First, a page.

A Texas nun who accused the Fort Worth bishop of invading her privacy and violating civil law says the same bishop is refusing to allow her to choose her own representation in the church’s investigation.
The Rev. Mother Teresa Agnes Gerlach has sent an appeal to the Vatican to challenge Fort Worth Bishop Michael Olson on the matter, a civil attorney representing her said.
The Fort Worth diocese accused Gerlach of violating her vow of chastity with a priest, contending that she admitted to doing so. But Gerlach’s attorney, Matthew Bobo, said his client was questioned under heavy medication, including painkillers, following surgery. Gerlach, who uses a wheelchair and has a feeding tube, cannot remember what she admitted.
“She did not have sex with a priest,” Bobo said.
Gerlach is a member of a small order called the Discalced Carmelite Nuns, who have been in Tarrant County since 1958. The nuns now live at a secluded monastery in Arlington, where they spend their days praying, cooking, cleaning and caring for the grounds. Save for medical care, they rarely, if ever, leave the premises.
Until recently, the nuns have had little interaction with the Fort Worth diocese. That changed last month.
In court filings, Gerlach said the bishop and other diocese leaders stormed into the monastery on at least three occasions and interrogated the nuns for hours, seized their computers and a phone, and later blocked priests from conducting Mass for them.
Because they belong to an autonomous order, the nuns contend they answer to the Vatican, not the local diocese. Canonical lawyers who handle church matters are reviewing the case.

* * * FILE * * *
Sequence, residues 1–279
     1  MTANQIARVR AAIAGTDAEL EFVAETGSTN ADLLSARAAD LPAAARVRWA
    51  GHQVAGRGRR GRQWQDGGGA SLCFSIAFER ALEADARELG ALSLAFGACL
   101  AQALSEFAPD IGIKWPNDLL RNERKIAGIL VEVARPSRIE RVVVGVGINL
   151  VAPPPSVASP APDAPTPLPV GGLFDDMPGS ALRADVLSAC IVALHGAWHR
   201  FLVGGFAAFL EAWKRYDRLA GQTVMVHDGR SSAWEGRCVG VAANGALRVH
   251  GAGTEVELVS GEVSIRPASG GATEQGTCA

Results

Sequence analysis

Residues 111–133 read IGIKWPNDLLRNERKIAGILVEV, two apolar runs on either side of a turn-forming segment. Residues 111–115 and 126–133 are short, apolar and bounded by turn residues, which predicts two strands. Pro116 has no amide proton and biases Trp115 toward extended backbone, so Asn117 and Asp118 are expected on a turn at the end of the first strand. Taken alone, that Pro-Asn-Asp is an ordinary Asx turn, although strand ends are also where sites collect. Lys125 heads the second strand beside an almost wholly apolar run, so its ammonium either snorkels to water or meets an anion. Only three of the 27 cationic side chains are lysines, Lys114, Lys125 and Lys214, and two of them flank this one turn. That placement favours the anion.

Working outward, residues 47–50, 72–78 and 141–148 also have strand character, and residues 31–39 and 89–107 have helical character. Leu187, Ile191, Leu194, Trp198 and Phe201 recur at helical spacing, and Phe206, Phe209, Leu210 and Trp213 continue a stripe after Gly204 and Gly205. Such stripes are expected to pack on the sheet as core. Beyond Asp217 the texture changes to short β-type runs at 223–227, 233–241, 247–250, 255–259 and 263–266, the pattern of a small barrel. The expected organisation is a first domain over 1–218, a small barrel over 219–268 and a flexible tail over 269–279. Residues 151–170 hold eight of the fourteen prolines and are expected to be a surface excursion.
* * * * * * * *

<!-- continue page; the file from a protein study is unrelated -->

Gerlach sought independent counsel, Bobo said, but the bishop rejected three of her choices and instead appointed a canon lawyer without her consent or approval.
That lawyer, Michael J. Podhajsky, has begun filing documents despite Gerlach’s objection, Bobo said. The two have never spoken.
Podhajsky told the Catholic News Agency that he is aware Gerlach does not agree with his appointment. He said he has tried to work with Gerlach, but it is up to her whether she wants to work with him.
“I’ve done my job to represent her to the best of my ability,” Podhajsky told the outlet. “I’ve made every effort to reach out to her.”
The nuns filed a lawsuit this month seeking $1 million in damages and asking the diocese stop surveilling their technology and refrain from contacting them.
Fort Worth’s diocese is seeking to have that lawsuit dismissed, arguing that civil court has no authority in ecclesiastical matters. A hearing on that motion is scheduled for June.
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